One of the disappointments in recent years has been the failure of Liam Cahill’s underage winners to develop into seniors. Now the new manager has to a large extent gone back to those players in a bid to revive the county’s fortunes. In truth there was no other option.
As underagers Cahill certainly inspired those players to play to their full potential. The trick now will be to replicate that process at senior level. It’s going to be a tough task.
Meanwhile, County Board deliberations during the past week saw clubs opt for an U21 grade in 2023 for both hurling and football. This year the divisions did a solo run and organised U21 championships without the county series. It was inevitable, perhaps, that the county competitions would be reinstated.
It’s yet another element of the consequences that are a direct spin-off from the decision to drop the minor age to U17. There is no agreement as to what grades are best to span the gap from U17 to senior and that conundrum will remain while the minor stays at its present age bracket.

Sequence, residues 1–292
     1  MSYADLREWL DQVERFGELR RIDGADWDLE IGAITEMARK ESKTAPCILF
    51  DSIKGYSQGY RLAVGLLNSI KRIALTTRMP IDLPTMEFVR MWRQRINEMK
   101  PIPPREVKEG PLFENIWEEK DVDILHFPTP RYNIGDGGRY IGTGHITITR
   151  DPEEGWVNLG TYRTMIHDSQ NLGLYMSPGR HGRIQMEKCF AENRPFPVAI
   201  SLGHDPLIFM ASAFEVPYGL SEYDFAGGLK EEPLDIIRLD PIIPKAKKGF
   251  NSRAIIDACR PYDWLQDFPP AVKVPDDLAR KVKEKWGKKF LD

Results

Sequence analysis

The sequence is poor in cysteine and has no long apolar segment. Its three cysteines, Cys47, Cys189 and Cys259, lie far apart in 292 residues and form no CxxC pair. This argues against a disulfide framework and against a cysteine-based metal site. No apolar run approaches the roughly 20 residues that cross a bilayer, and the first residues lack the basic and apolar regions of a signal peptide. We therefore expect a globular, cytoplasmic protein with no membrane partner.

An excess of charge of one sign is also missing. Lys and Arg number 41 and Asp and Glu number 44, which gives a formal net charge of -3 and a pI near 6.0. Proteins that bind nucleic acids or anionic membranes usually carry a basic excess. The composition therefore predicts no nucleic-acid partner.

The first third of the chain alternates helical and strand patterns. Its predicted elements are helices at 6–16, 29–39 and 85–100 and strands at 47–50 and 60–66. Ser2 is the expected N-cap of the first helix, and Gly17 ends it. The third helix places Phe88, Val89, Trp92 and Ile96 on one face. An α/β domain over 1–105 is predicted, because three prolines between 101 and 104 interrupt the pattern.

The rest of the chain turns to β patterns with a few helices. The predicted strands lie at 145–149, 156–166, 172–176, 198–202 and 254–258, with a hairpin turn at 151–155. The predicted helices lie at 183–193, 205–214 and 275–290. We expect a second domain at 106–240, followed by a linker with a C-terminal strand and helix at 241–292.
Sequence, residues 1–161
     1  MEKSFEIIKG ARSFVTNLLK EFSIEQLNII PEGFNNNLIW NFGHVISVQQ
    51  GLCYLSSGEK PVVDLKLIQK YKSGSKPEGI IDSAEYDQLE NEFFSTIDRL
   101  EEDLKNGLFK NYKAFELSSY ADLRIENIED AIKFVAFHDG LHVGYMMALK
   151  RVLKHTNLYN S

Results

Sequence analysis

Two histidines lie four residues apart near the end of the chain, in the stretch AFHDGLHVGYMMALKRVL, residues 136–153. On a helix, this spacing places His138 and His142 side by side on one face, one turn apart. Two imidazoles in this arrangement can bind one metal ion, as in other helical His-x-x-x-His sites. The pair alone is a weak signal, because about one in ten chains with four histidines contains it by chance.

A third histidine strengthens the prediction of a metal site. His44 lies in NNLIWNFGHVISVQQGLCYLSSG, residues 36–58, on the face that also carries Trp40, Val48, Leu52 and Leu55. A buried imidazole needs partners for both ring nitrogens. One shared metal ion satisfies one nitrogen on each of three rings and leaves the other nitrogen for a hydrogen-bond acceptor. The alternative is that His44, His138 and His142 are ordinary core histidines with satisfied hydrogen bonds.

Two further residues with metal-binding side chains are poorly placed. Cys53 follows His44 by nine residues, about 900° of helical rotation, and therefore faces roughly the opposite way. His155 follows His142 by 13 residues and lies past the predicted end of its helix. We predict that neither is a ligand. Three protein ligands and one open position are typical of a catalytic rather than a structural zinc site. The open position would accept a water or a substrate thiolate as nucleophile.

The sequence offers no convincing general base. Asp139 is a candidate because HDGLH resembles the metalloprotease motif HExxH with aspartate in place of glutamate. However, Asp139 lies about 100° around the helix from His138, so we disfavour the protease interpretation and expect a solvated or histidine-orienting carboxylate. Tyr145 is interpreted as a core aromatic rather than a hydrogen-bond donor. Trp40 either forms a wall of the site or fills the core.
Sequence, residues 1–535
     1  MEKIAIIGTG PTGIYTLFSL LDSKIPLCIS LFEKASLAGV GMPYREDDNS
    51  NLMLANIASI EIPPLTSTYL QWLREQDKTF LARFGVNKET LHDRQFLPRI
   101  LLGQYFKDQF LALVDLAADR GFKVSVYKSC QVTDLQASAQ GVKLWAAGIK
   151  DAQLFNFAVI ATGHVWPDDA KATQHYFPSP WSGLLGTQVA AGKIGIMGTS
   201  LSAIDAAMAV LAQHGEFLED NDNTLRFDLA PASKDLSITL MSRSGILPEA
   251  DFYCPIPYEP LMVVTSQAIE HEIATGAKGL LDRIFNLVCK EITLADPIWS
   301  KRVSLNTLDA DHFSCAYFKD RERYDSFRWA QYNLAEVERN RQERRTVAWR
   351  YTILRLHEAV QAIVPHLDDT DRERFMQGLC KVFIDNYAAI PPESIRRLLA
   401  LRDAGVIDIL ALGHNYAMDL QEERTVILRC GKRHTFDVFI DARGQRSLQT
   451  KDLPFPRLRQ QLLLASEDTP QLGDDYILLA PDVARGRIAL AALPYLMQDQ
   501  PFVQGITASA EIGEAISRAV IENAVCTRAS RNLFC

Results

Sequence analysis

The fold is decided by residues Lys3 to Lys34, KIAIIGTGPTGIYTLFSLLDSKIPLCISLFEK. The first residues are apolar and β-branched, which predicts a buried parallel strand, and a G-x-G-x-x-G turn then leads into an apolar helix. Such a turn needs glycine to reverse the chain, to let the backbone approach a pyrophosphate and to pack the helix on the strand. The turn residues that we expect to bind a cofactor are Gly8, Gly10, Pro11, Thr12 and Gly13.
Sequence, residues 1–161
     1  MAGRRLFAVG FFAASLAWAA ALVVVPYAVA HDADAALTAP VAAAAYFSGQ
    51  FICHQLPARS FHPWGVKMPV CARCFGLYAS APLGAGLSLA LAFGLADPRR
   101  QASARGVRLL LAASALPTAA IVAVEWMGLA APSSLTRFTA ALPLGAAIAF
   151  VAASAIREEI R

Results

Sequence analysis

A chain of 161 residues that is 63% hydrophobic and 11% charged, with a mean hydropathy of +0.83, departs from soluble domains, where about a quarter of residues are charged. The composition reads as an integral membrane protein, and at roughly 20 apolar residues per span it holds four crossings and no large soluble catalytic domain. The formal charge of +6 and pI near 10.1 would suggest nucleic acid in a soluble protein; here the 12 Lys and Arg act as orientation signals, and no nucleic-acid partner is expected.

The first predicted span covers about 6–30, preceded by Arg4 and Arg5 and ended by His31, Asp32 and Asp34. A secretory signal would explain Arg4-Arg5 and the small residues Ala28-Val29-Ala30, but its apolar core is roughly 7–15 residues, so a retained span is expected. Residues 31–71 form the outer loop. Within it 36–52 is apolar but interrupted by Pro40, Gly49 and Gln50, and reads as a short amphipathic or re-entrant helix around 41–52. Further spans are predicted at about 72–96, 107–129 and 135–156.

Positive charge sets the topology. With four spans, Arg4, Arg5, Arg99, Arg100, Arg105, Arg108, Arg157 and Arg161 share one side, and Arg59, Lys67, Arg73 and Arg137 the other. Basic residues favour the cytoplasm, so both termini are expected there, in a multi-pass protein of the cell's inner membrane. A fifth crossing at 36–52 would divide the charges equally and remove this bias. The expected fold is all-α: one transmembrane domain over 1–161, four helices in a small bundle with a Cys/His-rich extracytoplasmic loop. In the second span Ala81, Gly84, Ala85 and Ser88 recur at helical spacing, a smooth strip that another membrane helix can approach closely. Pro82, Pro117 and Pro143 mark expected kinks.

There’s now a ridiculous proliferation of grades. The clubs will play U17, U19 and U21, while the inter-county stays at U17 and U20. Factor in ‘B’ levels, then double-up for hurling and football and you have a fixtures nightmare. It’s crazy.
This year Holycross won the county U17 and U19 hurling titles with mostly the same team; ten players were common to both sides. That’s not the fault of Holycross who fully deserved their successes after some hard-to-take defeats in previous years. The problem is that the age grades are too close. This issue needs resolving but it won’t happen while the minor stays at U17.
Elsewhere the Munster club championship enthralled followers on Sunday with a pair of televised semi-finals that brought compulsive viewing to the public. Ballyea sneaked home at Ennis against fourteen-man St. Finbarr’s, while Ballygunner put on a powerful second half showing to dismiss Na Piarsaigh at the Gaelic Grounds.
There was a touch of controversy in the first of the semis when Conor Cahalane was dismissed early on by Tipperary referee, Michael Kennedy. I don’t see what the fuss was about. When you make contact with the head area like that it’s a red card every day.